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Inline Skating

inline skating

Inline skating, a cross between roller-skating and ice-skating,

came about as a result of a Russian athlete needing to train for the Olympic speed ice skating events without an ice track.

Just as in ice skating, you cannot just strap on a pair of inline skates and be a master on the first day. Make sure that you have a good pair of inline skates that fit well; it’s vital that you feel comfortable, especially in the learning stage.

Make your first attempts at inline skating on a reasonably soft surface,

a well-grassed lawn or indoors on a thick carpet is ideal, so that when you suffer that inevitable first fall, you land on something soft. Starting off directly on a hard, smooth surface will certainly have you looking like Bambi on ice, with painful consequences.

Speaking of painful consequences, your equipment must include protective gear.

A full set of protective gear must include a good quality helmet and wrist guards, the most common injury among first-time skaters is a broken wrist. You’ll probably fall onto your knees or elbows a few times, too, so a set of knee and elbow pads, while they may not look too cool, will save you from painful scrapes and bruises.

But if you look beyond the painful experiences, inline skating offers many benefits.

Apart from the obvious benefit of being great fun, inline skating has many physical benefits. Studies have shown that you can gain as much cardiovascular benefit from inline skating as from cycling or run. You just need to look at a regular inline skater to see the obvious muscle strengthening and toning benefits, particularly in your legs and back.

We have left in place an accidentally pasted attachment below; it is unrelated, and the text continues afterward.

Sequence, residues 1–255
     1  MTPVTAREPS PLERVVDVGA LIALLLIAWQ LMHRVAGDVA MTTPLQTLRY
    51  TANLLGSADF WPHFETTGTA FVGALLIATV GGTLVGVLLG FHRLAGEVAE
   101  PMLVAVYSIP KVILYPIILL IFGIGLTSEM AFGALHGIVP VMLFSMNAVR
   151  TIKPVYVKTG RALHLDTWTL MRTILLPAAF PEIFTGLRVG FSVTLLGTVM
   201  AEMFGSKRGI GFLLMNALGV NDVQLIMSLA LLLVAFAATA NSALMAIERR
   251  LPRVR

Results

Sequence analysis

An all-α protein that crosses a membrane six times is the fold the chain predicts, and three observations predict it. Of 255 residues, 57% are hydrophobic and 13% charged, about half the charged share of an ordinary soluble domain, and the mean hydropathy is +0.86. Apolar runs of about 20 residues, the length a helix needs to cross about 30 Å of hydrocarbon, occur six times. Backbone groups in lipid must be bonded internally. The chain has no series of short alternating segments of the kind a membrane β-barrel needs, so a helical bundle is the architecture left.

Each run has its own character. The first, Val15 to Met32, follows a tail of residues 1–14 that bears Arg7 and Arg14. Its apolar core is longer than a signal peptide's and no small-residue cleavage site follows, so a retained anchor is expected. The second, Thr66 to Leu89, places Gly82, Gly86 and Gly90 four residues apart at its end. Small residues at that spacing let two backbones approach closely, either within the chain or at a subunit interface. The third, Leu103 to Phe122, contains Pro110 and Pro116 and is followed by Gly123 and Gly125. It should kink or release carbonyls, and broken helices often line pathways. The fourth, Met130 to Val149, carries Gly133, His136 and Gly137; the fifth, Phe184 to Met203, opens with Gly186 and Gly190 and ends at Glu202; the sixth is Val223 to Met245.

As you tend to glide on your skates, the impact stress on your knees and ankles is much less than with running, and alternating between which foot is on the ground, you will improve your sense of balance, coordination, and agility.

As you improve your inline skating ability, you will derive more and more satisfaction from mastering the sport, and your self-confidence levels will improve. Above all, you’ll be having fun, which has to be a mental benefit!

Practice getting the basic technique right before you move on to the fancy stuff,

remember the nose-knees-toes rule and try to keep these three in a vertical line. Adopt a low stance with ankles bent, knees forward and your hips low. When pushing, always try to push outwards from your body, rather than backward, as this will give you more power.

Once you’ve mastered the basics, you can try some of those stunts like skating backward, jumps or even a few barrel rolls, just don’t forget that protective gear, you’ll surely need it!